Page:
Mt. Tamalpais is known the world over as a destination for a dose of nature and spirituality. But in 1979, the mountain, about which Gary Snyder once wrote “[it] gives us a crystal moment of being and a breath of the sky, and only asks us to hold the whole world dear,” became something else altogether: the hunting ground for a walking terror nicknamed the Trailside Killer.
It was this story, of a serial killer who roamed the mountain for more than a year and killed at least five women hikers, that provided the narrative spine for Joyce Maynard’s latest novel, After Her.
Maynard’s home in Mill Valley—where she lived before a recent move to Oakland to be with her new husband—looks out over the mountain. “It was a big presence in my life for 17 years,” Maynard says of Mt. Tam, on the phone from a New Hampshire highway as she heads to a friend’s wedding. “I had been aware that there had been a serial killer at large on those trails many years before, but I didn’t live in California then. It was a haunting knowledge that stayed with me.”
After Her is the fictional tale of two girls, ages 11 and 13, who live on the side of a mountain rocked by murders committed by the Sunset Strangler. The plot is loosely based on a true story told to Maynard by two sisters who attended a one-day writing workshop at her home. The sisters, now in their 40s and living in Ukiah and Novato, were the daughters of the homicide detective originally in charge of the Trailside Killer investigation, and they believed their father’s early death of lung cancer was caused by his deep grief at being unable to ultimately solve the case. (The killer, David Carpenter, was caught in another jurisdiction and eventually sentenced to life in San Quentin.)
A former New York Times columnist, Maynard is probably best known for her 1998 memoir
At Home in the World, which revealed her nine-month affair with J. D. Salinger when she was 18 and he 53. When Maynard sold the letters written to her by Salinger, she was roundly condemned for breaking an “unwritten law” and exposing the private idiosyncrasies of the famously reclusive author. At Home in the World is being rereleased by Picador on Sept. 3; Maynard appears at Book Passage on Aug. 26 and Copperfield’s Books in Petaluma on Aug. 27.
“It’s a book that’s close to my heart,” explains Maynard. “When it was first published 15 years ago, it was enormously battled and condemned. I’m very happy to see it reissued in a different climate.”
Beyond the Salinger connection, Maynard has forged a sizable writing career. Labor Day, her bestselling 2010 novel, is currently being adapted into a film starring Kate Winslet and Josh Brolin by Jason Reitman, the director of Juno. Over her 40-year career, Maynard has authored 15 books and countless magazine articles, including “Domestic Affairs,” a syndicated column that ran over the course of her first marriage, a relationship that produced three children but ended in divorce.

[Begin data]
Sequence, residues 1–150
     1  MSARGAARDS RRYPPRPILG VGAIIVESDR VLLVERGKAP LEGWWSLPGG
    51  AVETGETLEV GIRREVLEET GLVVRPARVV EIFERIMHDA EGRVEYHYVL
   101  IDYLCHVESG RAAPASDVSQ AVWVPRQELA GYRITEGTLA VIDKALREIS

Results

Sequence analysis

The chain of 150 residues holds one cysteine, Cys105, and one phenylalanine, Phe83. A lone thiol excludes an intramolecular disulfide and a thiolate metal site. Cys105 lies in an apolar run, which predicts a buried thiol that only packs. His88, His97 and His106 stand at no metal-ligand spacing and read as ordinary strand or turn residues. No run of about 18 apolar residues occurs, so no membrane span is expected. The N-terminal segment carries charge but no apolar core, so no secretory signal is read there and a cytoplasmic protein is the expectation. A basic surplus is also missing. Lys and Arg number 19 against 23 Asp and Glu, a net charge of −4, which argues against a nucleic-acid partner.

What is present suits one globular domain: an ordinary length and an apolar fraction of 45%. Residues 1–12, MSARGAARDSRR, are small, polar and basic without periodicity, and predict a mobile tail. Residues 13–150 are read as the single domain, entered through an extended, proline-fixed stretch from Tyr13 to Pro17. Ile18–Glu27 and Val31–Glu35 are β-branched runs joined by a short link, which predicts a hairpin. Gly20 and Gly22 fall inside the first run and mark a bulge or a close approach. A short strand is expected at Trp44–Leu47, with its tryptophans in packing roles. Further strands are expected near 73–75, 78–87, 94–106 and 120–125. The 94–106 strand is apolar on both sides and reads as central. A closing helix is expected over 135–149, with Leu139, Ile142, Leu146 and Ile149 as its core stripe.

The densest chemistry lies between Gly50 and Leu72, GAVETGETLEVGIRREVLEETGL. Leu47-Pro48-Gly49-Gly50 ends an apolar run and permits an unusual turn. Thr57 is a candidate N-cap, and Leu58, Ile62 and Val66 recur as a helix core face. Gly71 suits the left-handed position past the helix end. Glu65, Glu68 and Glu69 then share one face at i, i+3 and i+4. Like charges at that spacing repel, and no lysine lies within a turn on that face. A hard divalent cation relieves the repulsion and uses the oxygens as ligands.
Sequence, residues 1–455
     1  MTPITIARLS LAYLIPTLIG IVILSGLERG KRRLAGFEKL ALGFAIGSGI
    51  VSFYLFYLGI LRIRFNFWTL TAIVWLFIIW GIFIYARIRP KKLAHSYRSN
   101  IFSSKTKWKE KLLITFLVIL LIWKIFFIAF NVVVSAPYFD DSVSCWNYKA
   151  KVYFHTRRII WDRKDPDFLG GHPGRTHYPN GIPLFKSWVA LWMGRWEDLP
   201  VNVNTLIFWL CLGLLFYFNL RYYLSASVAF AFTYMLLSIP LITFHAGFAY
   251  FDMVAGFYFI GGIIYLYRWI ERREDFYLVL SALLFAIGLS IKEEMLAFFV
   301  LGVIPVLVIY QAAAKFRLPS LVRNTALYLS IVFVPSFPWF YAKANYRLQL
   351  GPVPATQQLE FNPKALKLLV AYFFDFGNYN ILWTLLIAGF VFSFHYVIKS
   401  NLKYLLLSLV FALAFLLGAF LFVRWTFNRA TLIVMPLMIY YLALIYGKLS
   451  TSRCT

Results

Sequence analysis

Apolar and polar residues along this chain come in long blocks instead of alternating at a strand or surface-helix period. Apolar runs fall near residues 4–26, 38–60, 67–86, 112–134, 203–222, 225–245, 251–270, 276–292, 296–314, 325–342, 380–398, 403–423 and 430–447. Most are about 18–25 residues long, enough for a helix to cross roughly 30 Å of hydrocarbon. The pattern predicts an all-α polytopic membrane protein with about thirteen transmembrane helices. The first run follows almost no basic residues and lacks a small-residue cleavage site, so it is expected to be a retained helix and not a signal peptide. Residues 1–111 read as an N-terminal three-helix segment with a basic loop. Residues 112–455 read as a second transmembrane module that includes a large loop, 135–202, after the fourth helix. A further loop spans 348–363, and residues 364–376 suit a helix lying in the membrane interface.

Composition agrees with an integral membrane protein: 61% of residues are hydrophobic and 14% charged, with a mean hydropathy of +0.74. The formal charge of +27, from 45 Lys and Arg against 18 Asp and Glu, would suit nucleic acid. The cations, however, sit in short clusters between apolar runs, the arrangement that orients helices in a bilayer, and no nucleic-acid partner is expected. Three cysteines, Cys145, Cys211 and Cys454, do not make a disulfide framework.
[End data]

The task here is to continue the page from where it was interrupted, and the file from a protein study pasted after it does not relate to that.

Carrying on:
The 59-year-old author describes After Her as a coming-of-age thriller, with a theme inspired in part by one of her favorite movies, Stand by Me, and her desire to provide an opportunity for two girls to have a “wonderful adventure” along the lines of River Phoenix and his friends.
“I didn’t really set out to do this, but adolescence is kind of a going-into-the-woods experience, and this book is very much about the combination of thrill, fascination, anticipation and fear of sexuality experienced by a lot of young girls at that age,” she explains. Maynard drew on her own youth growing up in New Hampshire, describing herself as a “girl who was always looking for trouble,” a trait shared by her latest novel’s narrator.
Maynard’s previous books have an East Coast setting; this is her first set in California. Her research included an immersion in the history and culture of late 1970s Marin, a much more economically diverse community than the privileged enclave it has become. Laura and Janet, the two real sisters, filled up a notebook with memories of their life on Mt. Tam—down to small details about the clothing and music that they loved—mixed with memories of their detective father. In the book, the main characters are children of a divorced household; they live with their mother, with little money, no television or parental guidance, and easy access to the wilds of the woods.
“I wanted them to have some sort of wolf-girl life,” says Maynard.
In the end, while After Her takes on the complexities of family life and the sister dynamic, it’s also deeply about place—specifically, the mountain that looms over Mill Valley and the San Francisco Bay.
“It’s my homage to Marin County,” adds Maynard. “I love the outdoors and the wilderness around the county, and I really wanted to bring that to life on the pages of my book.”